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Isomorphism theorem

In mathematics, the isomorphism theorems are 3 theorems that apply broadly in the realm of universal algebra.

Groups

First we state the isomorphism theorems for groups, where they take a simpler form and state important properties of factor groups (also called quotient groups).

First Isomorphism Theorem. If G and H are groups and f is a homomorphism from G to H, then the kernel K of f is a normal subgroup of G, and the factor group G/K is isomorphic to the image of f.

Second Isomorphism Theorem. Let N be a normal subgroup of the group G, and let S be any subgroup. The intersection N ∩ S of N and S is a normal subgroup of S, N is a normal subgroup of the join NS of N and S, and S/(N ∩ S) is isomorphic to SN/N.

Third Isomorphism Theorem. If M and N are normal subgroups of G such that M is contained in N, then M is a normal subgroup of N, N/M is a normal subgroup of G/M, and (G/M)/(N/M) is isomorphic to G/N.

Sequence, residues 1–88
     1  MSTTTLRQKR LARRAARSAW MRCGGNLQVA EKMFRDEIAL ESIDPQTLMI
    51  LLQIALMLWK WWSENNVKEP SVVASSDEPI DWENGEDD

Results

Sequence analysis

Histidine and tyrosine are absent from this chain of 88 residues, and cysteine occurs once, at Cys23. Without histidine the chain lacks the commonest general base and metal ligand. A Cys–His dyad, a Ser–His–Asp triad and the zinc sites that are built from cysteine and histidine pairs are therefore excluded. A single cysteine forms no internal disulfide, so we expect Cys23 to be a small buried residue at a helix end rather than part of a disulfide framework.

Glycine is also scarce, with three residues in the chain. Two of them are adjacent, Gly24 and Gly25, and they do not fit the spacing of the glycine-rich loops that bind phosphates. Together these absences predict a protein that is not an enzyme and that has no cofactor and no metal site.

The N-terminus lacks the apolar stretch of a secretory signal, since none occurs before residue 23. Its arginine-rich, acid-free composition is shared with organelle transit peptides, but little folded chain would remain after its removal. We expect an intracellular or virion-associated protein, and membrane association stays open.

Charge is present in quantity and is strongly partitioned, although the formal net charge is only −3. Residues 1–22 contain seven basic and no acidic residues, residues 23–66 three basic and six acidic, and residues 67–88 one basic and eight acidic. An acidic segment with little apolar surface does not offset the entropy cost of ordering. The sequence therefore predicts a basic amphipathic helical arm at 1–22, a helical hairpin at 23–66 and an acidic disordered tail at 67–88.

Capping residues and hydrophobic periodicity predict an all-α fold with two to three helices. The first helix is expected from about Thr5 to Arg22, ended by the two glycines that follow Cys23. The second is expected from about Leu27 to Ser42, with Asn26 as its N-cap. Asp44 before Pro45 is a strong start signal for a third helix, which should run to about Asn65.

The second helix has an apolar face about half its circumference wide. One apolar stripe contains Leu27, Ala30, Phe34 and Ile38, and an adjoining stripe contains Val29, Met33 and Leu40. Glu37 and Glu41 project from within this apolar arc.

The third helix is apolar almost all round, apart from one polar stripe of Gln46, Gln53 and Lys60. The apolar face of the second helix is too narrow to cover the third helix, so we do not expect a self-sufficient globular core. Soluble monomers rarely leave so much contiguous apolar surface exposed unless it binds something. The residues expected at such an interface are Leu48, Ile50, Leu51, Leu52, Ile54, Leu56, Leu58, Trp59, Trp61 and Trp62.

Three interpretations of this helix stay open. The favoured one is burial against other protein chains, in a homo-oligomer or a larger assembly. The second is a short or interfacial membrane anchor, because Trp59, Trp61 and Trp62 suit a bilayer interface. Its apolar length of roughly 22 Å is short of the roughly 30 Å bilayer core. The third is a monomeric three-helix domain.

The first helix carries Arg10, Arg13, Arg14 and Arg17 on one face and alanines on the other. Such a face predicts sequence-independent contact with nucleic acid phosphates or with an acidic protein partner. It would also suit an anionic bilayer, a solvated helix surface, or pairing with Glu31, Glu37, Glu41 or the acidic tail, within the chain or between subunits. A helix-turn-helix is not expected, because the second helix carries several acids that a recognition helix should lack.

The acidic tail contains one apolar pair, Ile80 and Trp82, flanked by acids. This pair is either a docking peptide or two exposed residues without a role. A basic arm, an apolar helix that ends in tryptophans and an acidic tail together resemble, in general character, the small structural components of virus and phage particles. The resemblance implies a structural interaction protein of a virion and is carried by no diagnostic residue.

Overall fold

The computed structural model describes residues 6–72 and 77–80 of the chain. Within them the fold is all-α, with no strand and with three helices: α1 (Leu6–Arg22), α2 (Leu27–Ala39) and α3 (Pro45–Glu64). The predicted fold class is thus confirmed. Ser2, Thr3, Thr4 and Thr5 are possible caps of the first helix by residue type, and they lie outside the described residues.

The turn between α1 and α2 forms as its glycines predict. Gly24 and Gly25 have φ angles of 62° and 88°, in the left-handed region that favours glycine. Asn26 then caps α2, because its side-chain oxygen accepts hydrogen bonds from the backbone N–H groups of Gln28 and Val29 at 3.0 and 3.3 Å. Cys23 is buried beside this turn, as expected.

Rings and Modules

The isomorphism theorems are also valid for modules over a fixed ring R (and therefore also for vector spaces over a fixed field). One has to replace the term "group" by "R-module", "subgroup" and "normal subgroup" by "submodule[?]", and "factor group" by "factor module[?]".

The isomorphism theorems are also valid for rings, ring homomorphisms and ideals. One has to replace the term "group" by "ring", "subgroup" and "normal subgroup" by "ideal", and "factor group" by "factor ring".

The notation for the join in both these cases is "S + N" instead of "S'N".

We also need to mention the isomorphism theorems for topological vector spaces, Banach algebras etc.
 

General

To generalise this to universal algebra, normal subgroups need to be replaced with congruences.

Finish later -- time for bed.



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